How Big Tech Came to Dominate

Matt Stoller describes how Microsoft avoided the fate of IBM, which was constantly under threat by antitrust authorities

Like the rest of the Clinton administration, the DOJ Antitrust Division in the 1990s talked populist, but governed with a deference to monopoly. Clinton’s first appointment to run the division was a Washington lawyer named Anne Bingaman. Antitrust was not particularly important to the administration, and it seemed to some that Bingaman got the job as a political favor to her husband, New Mexico senator Jeff Bingaman. “Hmph,” Attorney General Janet Reno said to The Wall Street Journal, “there’s the White House trying to push a Senator’s wife on me.”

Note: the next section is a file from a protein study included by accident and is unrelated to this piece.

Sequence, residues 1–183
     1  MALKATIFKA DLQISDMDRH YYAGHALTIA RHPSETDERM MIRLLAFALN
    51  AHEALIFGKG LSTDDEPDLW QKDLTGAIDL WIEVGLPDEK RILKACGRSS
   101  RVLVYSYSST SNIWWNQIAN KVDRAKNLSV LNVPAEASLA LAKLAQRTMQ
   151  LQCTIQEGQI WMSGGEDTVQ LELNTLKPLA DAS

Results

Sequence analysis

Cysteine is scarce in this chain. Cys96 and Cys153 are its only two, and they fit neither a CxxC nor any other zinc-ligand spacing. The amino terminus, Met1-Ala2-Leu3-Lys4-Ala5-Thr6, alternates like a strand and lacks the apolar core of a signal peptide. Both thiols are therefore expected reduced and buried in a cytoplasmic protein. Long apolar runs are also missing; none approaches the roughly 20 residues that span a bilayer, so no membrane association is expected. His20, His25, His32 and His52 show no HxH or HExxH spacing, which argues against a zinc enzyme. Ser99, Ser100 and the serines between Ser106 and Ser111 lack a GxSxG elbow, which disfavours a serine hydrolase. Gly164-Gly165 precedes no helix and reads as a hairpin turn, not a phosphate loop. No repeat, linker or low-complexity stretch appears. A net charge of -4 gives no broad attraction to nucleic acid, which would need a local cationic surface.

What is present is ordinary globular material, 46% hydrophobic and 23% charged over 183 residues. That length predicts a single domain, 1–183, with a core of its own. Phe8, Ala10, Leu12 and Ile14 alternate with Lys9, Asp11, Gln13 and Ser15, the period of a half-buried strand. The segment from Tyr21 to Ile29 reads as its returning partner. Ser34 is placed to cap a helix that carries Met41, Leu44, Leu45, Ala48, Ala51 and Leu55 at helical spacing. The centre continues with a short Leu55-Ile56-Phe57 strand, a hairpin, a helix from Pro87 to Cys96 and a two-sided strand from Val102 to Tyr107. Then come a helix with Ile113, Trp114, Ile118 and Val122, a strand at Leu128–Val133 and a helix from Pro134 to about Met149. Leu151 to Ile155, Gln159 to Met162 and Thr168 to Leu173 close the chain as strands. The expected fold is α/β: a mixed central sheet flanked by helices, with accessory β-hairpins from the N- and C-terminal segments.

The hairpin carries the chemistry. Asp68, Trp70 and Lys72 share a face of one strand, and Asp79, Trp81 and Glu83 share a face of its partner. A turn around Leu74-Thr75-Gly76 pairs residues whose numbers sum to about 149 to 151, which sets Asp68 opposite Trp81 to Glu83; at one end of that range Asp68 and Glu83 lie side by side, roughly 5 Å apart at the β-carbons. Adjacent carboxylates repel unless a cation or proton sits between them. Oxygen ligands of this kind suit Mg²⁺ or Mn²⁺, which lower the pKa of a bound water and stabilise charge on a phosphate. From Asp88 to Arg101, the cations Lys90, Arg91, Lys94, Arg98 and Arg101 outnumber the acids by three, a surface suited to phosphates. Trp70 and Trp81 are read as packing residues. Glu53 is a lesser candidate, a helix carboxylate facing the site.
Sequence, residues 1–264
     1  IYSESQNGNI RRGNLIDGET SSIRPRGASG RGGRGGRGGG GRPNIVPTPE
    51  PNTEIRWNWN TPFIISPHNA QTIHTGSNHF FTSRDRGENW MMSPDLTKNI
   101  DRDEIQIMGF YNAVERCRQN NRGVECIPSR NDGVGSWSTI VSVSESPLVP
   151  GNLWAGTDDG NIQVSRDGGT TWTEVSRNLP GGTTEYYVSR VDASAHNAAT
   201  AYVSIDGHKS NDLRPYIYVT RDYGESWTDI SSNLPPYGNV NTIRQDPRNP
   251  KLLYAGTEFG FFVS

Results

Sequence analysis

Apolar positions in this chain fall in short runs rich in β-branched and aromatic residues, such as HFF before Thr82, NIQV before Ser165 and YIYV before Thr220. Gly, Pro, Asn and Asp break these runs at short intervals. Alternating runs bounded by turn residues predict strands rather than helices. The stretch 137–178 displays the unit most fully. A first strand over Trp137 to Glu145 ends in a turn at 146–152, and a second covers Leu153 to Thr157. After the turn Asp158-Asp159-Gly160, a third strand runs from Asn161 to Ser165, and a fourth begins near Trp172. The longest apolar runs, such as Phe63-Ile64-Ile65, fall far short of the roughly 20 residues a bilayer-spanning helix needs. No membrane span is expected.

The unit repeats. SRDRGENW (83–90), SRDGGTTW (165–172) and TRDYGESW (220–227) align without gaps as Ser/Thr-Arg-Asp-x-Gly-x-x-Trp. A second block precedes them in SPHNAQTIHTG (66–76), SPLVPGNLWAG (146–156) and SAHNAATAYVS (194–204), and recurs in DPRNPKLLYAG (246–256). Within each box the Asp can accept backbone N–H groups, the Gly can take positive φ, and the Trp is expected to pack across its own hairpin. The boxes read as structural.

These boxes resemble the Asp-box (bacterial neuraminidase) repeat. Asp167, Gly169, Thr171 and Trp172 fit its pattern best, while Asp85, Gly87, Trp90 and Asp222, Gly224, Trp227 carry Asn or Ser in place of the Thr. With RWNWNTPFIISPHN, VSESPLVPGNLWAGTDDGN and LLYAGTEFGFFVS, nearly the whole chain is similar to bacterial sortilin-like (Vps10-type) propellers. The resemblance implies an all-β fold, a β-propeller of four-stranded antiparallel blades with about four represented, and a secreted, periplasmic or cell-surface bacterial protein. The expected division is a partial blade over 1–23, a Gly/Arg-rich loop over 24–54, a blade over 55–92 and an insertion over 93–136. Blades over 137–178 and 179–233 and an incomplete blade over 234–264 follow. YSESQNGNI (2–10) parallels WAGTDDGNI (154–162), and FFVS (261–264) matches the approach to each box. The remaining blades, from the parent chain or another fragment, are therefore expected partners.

Nevertheless, when she took office, Bingaman was ready to entirely remake the dormant division. She “fired up” the staff, and opened up new investigations. “Anne Bingaman has a blunt message for corporate America: The antitrust cops are back on the beat,” said the Journal. One of Bingaman’s first goals was to open up the most important new area of the economy, the one where Reagan had allowed nascent robber barons to not only seize power over industry but over the future of technology. She would take on the big bad monopolist of the computer industry, Microsoft, which was frightening Silicon Valley, and increasingly, much of corporate America.

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